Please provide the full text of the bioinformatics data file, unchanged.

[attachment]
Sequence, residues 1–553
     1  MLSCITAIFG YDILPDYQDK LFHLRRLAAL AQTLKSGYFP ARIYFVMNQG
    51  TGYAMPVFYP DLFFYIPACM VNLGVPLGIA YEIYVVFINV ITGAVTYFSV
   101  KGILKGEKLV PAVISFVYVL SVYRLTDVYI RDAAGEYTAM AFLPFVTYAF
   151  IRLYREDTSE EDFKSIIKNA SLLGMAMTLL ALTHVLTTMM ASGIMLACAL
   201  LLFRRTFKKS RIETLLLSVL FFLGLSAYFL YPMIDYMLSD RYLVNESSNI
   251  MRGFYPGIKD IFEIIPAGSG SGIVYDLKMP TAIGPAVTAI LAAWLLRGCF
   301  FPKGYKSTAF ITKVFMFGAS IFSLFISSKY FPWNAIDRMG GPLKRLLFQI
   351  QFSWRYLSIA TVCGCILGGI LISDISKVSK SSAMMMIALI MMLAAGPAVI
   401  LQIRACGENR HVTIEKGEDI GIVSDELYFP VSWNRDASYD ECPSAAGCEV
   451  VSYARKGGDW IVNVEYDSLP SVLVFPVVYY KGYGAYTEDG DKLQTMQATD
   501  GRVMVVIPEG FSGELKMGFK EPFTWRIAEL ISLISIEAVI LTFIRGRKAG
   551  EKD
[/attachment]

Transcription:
Sequence, residues 1–553
     1  MLSCITAIFG YDILPDYQDK LFHLRRLAAL AQTLKSGYFP ARIYFVMNQG
    51  TGYAMPVFYP DLFFYIPACM VNLGVPLGIA YEIYVVFINV ITGAVTYFSV
   101  KGILKGEKLV PAVISFVYVL SVYRLTDVYI RDAAGEYTAM AFLPFVTYAF
   151  IRLYREDTSE EDFKSIIKNA SLLGMAMTLL ALTHVLTTMM ASGIMLACAL
   201  LLFRRTFKKS RIETLLLSVL FFLGLSAYFL YPMIDYMLSD RYLVNESSNI
   251  MRGFYPGIKD IFEIIPAGSG SGIVYDLKMP TAIGPAVTAI LAAWLLRGCF
   301  FPKGYKSTAF ITKVFMFGAS IFSLFISSKY FPWNAIDRMG GPLKRLLFQI
   351  QFSWRYLSIA TVCGCILGGI LISDISKVSK SSAMMMIALI MMLAAGPAVI
   401  LQIRACGENR HVTIEKGEDI GIVSDELYFP VSWNRDASYD ECPSAAGCEV
   451  VSYARKGGDW IVNVEYDSLP SVLVFPVVYY KGYGAYTEDG DKLQTMQATD
   501  GRVMVVIPEG FSGELKMGFK EPFTWRIAEL ISLISIEAVI LTFIRGRKAG
   551  EKD